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Old 03-31-2002, 08:11 AM   #1
Bruce Baker
Dojo: LBI Aikikai/LBI ,NJ
Location: Barnegaat, NJ
Join Date: Sep 2001
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Lightbulb Would Aikido be less if explained in english

Would Aikido be less readily embraced in other cultures if all terms were translated into mother tongues of that country, not using the Japanese terminology in other than instuctor and dan level classes? I wonder?

As the time frame of WWII passes into history, so too does the memory and relevence of Aikido being the recast Budo of Morehei Ueshiba, O'Sensei? Children tend to lessen the importance of what the previous generation has learned, they want to relearn things in their own way. Will that time blur the meaning of Japanese language the same as it did Latin as the preferred language of the modern world?

Will many of the terms for Aikido techniques be adapted into mother tongue languages and forgotten as the years pass, much like the reading of the bible in latin?

Or is it this damned Meniere's disease (limited short term memory) that forces me to learn everything on gut level and let the terminology come over time that continues to force my mind to use English to Japanese tranlation without, directly, giving the term its own meaning?
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Old 03-31-2002, 10:46 AM   #2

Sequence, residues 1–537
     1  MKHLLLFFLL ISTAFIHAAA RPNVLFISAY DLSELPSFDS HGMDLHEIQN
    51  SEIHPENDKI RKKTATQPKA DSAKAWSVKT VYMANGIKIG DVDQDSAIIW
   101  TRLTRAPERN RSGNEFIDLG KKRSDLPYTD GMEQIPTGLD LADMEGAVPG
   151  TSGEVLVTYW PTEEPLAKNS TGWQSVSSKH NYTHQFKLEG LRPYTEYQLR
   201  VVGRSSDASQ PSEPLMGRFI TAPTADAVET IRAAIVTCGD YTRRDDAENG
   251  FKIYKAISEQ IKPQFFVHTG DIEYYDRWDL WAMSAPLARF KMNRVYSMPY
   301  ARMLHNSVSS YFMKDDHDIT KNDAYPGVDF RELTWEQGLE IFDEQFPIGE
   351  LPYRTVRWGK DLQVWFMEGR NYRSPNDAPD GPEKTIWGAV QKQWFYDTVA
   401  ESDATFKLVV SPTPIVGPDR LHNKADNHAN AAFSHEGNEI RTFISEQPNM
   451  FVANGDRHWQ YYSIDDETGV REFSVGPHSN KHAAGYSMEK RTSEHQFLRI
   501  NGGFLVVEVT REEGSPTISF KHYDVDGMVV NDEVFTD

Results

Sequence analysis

jimvance
Dojo: Jiyushinkan
Location: Mesa, AZ
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Learn the Language

Quote:
Originally posted by Bruce Baker Will [that] time blur the meaning of Japanese language the same as it did Latin as the preferred language of the modern world?
The Japanese themselves blur the language enough as it is, forget about time. And I think Latin was the preferred language of the classical world. Latin is now the preferred language of science, and would be a good language to translate Aikido names into IF they had kanji attached to them (we talked about this before).
Quote:
Will many of the terms for Aikido techniques be adapted into mother tongue languages and forgotten as the years pass, much like the reading of the bible in latin?
Aikido techniques and the rise of literacy within Christian Europe are really two different subjects. But you could ask the same question regarding ballet (French), philosophy (German and Greek), and many other disciplines.

Jim Vance
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Old 03-31-2002, 06:46 PM   #3
mle
Dojo: The Dojo (www.the-dojo.com
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Re: Would Aikido be less if explained in english

Quote:
Originally posted by Bruce Baker
[b]Would Aikido be less readily embraced in other cultures if all terms were translated into mother tongues of that country, not using the Japanese terminology in other than instuctor and dan level classes? I wonder?
[b]

I have had teachers who used Japanese and those who refused to. Not much difference to me. Just more words. Not a problem for me despite mild ADD, cross-dominance (left-eyed and right-handed) and being a kinesthetic learner. I went to school in the 70s, so no syndrome named after me or any sympathy. Just wierd red cellophane over one eye and funky exercises in a Special Class. Yay.
We all have things to overcome.


Or is it this damned Meniere's disease (limited short term memory
Actually, my spouse has Meniere's disease and it does not affect short term memory (he is absent minded enough all by himself!).

Symptoms include (sources before lists):

http://oto.wustl.edu/men/mn1.htm

"Detailed description of symptoms